The dinos are still alive! The Toronto Raptors take Game 4 87-79 to event the series and reclaim home court advantage against the Brooklyn Nets in their best-of-seven Eastern Conference quarter-final. The Raptors played their best quarter of the series in the opening segment at the Barclays Center Sunday night. Amir Johnson, DeMar DeRozan and Kyle Lowry all hit double-digits in scoring in the first 12 minutes of play. Toronto led by as many as 17 points in the first half, but the Nets refused to get punked on their homecourt. Brooklyn went on a 14-4 run going into halftime. The veteran team has won every third quarter in this series. It was the same story tonight as the Nets outscored the Raptors 23-16 and knotted the game going into the final frame.
The Raptors ramped up their defensive effort in the fourth quarter. They took the lead on a DeRozan free throw, 80-79, and scored the last seven points of the game. Toronto’s All-Star finished with a game-high 24 points. The Raptors guard tandem of Lowry and Greivis Vasquez poured in a combined 31 points and and 11 assists. Johnson anchored the team’s defence and was especially solid late in the fourth. Paul Pierce tallied 22 points on 9-14 shooting for Brooklyn. The teams return to the Air Canada Centre on Wednesday for Game 5.
The Raptors set the tone offensively early on. They led 13-2 before Nets head coach Jason Kidd called timeout. They poured in 35 points, 16 in the paint, on 63 per cent shooting. More impressively, they only turned the ball over once Johnson led the way will 11 points, while DeRozan and Lowry added 10 points apiece. They were attacking both inside and out. Johnson invited contact and was even able to slice through a double-team. DeRozan was especially effective on the draw and kick. Lowry was aggressive while guarded one-on-one, beating his man to the hole. All of Toronto’s players moved the ball well and sought to make the extra pass. The team was making the “simple plays” head coach Dwane Casey has been preaching about in every press conference. They closed the quarter on a 7-0 run.
The Raptors played sloppier in the second quarter. They rushed on offence, and coughed up the ball four times. It was only when they showed patience that they were able to score. Vasquez found Patrick Patterson for an open jumper. That was the only field goal the Raptors made in the last six minutes. It was just as bad after the half. Brooklyn came out of the locker room with rejuvenated defensive effort and intensity. They double-teamed DeRozan out on the perimeter, and prevented him from scoring a field goal in the half. The Nets smothered the Raptors in the paint. Toronto made a valiant effort, continuing to go inside but missed several bunnies. Lowry remained aggressive, setting up his team mates for wide open looks that just didn’t fall. So the feisty point guard drove inside himself and knocked down a 3-pointer. He scored eight points in the frame.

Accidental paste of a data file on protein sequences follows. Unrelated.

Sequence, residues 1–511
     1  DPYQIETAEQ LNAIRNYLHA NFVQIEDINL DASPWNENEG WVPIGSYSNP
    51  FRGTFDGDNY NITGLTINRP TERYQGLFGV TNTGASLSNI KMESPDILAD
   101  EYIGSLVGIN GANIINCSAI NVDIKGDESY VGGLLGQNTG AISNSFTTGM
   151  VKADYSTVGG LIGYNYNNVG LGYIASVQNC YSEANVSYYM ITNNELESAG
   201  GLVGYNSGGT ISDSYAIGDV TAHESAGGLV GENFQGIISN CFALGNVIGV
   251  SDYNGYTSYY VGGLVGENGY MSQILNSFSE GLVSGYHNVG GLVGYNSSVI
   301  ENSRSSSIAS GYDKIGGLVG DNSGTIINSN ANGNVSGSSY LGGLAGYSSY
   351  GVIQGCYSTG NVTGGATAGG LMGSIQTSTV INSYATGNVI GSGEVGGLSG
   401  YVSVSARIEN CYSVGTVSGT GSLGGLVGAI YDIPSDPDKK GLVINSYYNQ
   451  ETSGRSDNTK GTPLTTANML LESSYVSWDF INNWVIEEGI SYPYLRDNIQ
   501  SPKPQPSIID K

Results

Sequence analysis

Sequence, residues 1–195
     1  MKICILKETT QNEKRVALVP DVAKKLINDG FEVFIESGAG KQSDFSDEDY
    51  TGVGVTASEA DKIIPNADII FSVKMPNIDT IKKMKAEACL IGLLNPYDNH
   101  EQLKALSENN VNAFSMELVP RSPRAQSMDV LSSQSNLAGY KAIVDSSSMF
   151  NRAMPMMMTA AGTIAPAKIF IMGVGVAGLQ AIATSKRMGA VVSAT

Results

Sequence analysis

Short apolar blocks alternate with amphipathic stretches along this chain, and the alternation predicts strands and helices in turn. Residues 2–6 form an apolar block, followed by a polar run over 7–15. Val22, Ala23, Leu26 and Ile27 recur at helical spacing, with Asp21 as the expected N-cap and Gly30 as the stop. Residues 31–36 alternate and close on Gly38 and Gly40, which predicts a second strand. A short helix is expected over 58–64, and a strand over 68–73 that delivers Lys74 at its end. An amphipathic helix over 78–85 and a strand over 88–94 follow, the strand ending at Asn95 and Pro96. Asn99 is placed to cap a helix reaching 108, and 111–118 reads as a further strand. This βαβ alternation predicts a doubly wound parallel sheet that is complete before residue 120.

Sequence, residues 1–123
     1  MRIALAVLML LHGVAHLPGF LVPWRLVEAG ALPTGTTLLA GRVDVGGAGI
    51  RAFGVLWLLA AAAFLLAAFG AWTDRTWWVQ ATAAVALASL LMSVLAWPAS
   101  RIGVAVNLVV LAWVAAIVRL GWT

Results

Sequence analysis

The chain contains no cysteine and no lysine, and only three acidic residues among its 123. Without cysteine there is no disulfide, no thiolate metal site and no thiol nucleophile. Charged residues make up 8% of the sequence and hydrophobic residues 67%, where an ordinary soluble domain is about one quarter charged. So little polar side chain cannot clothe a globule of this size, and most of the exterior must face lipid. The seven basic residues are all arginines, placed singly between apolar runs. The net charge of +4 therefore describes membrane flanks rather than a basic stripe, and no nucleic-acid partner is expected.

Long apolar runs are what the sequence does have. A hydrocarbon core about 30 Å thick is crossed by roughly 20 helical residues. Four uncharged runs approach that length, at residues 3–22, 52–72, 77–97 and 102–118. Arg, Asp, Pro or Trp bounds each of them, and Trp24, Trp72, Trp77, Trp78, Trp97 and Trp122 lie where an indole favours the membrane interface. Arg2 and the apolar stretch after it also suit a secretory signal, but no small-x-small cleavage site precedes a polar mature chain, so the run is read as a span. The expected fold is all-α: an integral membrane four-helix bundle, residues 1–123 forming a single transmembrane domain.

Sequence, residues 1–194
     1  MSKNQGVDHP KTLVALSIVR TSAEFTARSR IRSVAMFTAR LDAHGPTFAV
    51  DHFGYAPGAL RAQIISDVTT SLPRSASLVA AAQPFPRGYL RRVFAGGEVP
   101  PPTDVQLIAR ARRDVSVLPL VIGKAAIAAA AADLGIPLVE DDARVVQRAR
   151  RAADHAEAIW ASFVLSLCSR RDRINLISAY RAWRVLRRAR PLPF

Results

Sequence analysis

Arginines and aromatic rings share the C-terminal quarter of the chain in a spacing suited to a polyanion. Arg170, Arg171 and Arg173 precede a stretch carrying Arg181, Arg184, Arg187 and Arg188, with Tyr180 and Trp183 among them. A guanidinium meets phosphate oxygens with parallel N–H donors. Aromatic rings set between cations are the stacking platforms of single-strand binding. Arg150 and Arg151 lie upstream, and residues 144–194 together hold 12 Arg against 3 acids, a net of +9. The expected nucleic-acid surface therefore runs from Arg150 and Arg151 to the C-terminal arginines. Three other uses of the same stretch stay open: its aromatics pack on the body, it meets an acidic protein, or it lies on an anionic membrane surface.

In the fourth, the Raptors started ice cold from the field. Vasquez and Lowry both stepped up to facilitate and drive during the team’s scoring droughts. Vasquez showed he has onions, triggering and sinking a three with under four minutes remaining to put Toronto up 83-79. The team finished with 87 points on 41.3 per cent and a series-low 10 turnovers.
The Raptors held the Nets to a series-low 79 points. Toronto played outstanding interior defence. They took advantage of their height and length to force the smaller Nets to shoot over them inside. Their zone defence was also effective. Brooklyn shot 20 per cent from three and 41 per cent for the game.
There were spurts when Toronto’s transition defence and communication wavered, allowing the Nets to go on runs. Terrence Ross struggled offensively, but did a good job guarding Deron Williams one-on-one early on. As the game went on, the Raptors did a better job contesting shots and sprinting back on the fast break. Johnson provided strong help defence to limit interior scoring, but Toronto still allowed the Nets to score 10 points in the paint in the second quarter.
Casey emphasized getting back on defence, rotating quicker and protecting the paint. However, out of the half, Brooklyn outmatched the Raptors in physicality and intensity. Pierce was particularly explosive, scoring 10 points in the third, while his team shot 57 per cent and outscored Toronto 23-16. The Raptors brought their A game in the fourth. They didn’t give the Nets any room, holding them to 3-17 shooting down the stretch.
The teams finished with 43 rebounds each. Patterson pulled down nine boards for the Raptors and Andray Blatche led the way for Brooklyn with seven. The Raptors were exceptional on the glass in the opening quarter. They used their athleticism to position themselves and block out well, and fought the old farts for boards. There was a sequence in the third quarter when the Raptors grabbed three straight offensive rebounds. They were active and saved the ball from going out of bounds.
Game Ball: DeMar DeRozan
DeRozan led the way for the Raptors with 24 points, 20 of which he scored in the first half on 7-12 shooting from the floor and 5-6 from the line. He pulled up for mid-range jumpers, got the Nets to bite on the double-fake, and drained them. In addition to creating shots for himself, DeRozan manufactured open looks for his teammates by driving inside and kicking it out to the open man. When his shot wasn’t falling in the second half, he continued to attack and got awarded with free throws. He took it right to Pierce on the fastbreak after getting a steal. DeRozan showed why he’s an All-Star and gets to the line more than anyone else in the postseason. He was active on defence, sticking with his man, and took two key charges with under three minutes left in the game.
All he has to say to the Nets is…